After years of having sung professionally, I still get a nice, gooey, heart-warming feeling when strangers walk up to me or send me a Facebook message saying they love my voice or have enjoyed a track I recorded years ago. At times, people are hesitant in expressing their appreciation because they feel that artistes must be tired of having admirers say the same thing to them over and over again, year after year. Not me, I still love the pat on the back and the little shaabaashi that the gesture conveys. But at age 50, I am also wise enough to accept and acknowledge that I have several people to thank for compliments coming my way. Family and parents have, of course, contributed hugely; and generous gurus who imparted their wisdom even when I must have given them enough reason to think I was undeserving. But this isn’t a thank you speech inspired by the recent Oscars night, it’s just an overdue acknowledgement of the role played by audio engineers in making my voice sound good enough to garner the compliments that come my way and in making it possible to duck the occasional brickbat.
Tuned in: Gajjar in his studio. Shubha Mudgal
Although I have always shared a wonderful rapport with the audio engineers who have recorded me over the years, I take this opportunity to express my admiration for the work of Mumbai-based ace audio engineer Tanay Gajjar, with whom I have worked now for over 10 years and with whom I share a special rapport.
When you walk into the studio and first see him, you might well take him to be a rock musician who is there to lay down a track or two. Flamboyant tattoos, branded attire, a propensity for mean bikes and fast cars, are all part of Tanay’s world as much as his passion for his work and love for music. His early training in tabla, and college time experiments with DJ-ing, have equipped him with a fine sense of music. On many occasions I have known him to have edited a cough or a splutter or an awkward phrase I have sung even before I have had time to come off the studio floor and into the control room to request him to edit the flawed segment. He maintains his lightning speed and efficiency even when it comes to classical music, where you don’t have click tracks and BMPs to refer to when editing. It is a keen and sharp sense of music that you need in such cases more than anything else, and this he has in abundance, along with a devilish sense of humour and mischief. He can play pranks with the same speed that he edits and records, but fortunately the pranks are reserved only for those with whom he shares a comfort level. No wonder then that I have had a thumri I recorded with him played back to me during a mixing session with a rap segment thrown in at regular intervals or an occasional chorus effect added here and there!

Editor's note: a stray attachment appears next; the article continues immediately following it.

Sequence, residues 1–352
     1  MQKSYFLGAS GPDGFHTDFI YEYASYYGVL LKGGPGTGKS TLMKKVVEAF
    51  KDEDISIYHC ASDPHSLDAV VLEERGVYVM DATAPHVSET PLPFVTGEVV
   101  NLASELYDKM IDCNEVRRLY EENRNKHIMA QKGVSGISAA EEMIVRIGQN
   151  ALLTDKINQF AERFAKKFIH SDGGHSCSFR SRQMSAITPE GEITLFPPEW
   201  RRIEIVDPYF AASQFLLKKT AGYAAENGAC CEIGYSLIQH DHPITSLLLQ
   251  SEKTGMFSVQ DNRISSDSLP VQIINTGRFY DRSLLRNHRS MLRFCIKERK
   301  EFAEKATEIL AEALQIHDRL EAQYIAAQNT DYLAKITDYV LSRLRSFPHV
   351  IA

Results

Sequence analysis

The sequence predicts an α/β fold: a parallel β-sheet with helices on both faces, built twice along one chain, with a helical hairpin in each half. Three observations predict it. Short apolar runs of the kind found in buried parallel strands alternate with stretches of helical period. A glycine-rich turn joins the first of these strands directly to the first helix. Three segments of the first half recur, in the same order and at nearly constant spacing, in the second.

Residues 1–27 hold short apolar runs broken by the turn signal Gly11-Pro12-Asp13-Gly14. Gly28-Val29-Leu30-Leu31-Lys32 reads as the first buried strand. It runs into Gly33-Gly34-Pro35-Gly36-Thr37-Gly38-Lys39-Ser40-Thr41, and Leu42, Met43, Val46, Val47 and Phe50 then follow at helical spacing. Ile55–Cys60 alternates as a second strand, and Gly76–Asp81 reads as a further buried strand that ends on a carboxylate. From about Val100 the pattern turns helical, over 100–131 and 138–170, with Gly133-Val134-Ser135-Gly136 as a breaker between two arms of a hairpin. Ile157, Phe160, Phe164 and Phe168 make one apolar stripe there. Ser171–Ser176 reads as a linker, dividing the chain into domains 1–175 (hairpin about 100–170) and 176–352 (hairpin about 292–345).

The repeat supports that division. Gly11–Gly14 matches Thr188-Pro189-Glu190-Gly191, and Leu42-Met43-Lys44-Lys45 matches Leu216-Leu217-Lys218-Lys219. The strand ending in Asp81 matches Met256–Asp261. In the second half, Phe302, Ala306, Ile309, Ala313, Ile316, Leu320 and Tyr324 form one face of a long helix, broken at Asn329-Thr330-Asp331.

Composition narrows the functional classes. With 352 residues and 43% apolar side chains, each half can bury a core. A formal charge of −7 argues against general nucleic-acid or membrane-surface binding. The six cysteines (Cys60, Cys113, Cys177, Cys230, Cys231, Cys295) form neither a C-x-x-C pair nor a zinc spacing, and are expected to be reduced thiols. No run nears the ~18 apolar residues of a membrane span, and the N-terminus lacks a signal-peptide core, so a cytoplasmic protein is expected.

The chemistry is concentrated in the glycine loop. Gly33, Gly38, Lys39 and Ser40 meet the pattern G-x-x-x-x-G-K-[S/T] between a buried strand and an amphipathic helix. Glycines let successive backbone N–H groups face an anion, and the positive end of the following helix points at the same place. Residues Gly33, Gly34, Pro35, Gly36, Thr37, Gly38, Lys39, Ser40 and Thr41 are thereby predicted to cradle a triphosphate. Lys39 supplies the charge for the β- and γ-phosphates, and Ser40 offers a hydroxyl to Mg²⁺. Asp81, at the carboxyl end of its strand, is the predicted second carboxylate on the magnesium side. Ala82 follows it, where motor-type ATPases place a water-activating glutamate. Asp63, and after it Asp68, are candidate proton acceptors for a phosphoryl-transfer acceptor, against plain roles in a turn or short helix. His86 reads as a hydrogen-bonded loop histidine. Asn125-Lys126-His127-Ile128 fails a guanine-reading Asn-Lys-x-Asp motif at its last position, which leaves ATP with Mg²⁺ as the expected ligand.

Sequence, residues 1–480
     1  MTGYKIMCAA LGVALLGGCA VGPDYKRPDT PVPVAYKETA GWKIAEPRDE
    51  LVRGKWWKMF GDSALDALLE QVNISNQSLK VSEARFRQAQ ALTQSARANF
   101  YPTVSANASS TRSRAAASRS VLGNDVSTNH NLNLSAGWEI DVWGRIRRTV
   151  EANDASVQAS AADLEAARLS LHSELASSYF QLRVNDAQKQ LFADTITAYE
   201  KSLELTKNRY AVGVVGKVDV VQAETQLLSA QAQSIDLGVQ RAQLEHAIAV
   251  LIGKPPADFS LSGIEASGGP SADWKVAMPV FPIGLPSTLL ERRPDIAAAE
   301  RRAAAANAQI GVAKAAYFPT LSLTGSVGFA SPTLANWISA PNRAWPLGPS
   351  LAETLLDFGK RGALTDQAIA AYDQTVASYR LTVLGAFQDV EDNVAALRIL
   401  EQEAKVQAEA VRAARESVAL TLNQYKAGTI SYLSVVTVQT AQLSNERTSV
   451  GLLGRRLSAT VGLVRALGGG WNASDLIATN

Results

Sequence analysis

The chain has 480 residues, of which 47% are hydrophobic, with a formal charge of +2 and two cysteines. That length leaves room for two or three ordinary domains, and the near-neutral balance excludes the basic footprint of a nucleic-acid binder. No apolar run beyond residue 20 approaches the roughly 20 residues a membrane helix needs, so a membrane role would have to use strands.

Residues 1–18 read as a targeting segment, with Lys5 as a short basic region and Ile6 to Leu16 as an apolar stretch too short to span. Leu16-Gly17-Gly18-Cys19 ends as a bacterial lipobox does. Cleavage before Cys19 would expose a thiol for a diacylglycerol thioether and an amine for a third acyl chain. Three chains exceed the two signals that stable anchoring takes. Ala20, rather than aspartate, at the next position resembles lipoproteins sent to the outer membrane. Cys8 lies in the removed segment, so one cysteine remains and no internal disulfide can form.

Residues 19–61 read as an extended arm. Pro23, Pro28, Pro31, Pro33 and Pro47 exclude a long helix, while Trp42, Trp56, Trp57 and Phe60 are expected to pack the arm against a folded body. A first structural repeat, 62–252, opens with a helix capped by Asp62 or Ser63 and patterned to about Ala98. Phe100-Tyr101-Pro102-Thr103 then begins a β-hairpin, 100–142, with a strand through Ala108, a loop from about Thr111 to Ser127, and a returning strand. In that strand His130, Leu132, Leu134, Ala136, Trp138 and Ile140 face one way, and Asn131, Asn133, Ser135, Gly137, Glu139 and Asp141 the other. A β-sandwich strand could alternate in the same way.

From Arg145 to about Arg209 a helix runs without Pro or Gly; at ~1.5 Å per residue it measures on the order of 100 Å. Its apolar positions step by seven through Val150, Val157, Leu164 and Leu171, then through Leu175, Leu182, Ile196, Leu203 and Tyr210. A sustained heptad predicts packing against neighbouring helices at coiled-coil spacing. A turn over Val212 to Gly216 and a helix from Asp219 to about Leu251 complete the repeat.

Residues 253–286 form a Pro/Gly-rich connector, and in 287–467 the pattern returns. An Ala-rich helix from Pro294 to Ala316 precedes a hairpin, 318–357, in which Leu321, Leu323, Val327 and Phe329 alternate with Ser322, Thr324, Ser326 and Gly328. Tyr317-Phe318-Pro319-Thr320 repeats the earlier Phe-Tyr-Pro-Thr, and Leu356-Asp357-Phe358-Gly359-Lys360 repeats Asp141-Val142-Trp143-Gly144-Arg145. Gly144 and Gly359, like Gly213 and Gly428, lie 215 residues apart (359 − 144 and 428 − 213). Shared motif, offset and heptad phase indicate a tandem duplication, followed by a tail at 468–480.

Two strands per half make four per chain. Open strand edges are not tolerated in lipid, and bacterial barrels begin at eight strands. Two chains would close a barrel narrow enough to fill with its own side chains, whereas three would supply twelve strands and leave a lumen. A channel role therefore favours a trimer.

But to get back, the audio engineer’s role is vital both for recorded music and in live concert situations. Though the Oscars, the Grammys and our homegrown awards, including the IIFA Awards, include a category for best song recording and best recording engineer, we tend to overlook giving due credit to our audio engineers when it comes to album credits, acknowledgements and thank yous. Which is why we remember to felicitate and give honorary doctorates to a Resul Pookutty only when he wins an Oscar.
Now, if only I had more space, I could have written about Avinash Oak, Lokesh Dhawan, Bishwadeep Chatterjee, and the many wonderful audio engineers I have had the good fortune to work with. But a big thanks to all of you for making it possible for me to keep getting my “I love your voice” messages!
Write to Shubha at firstname.lastname@example.org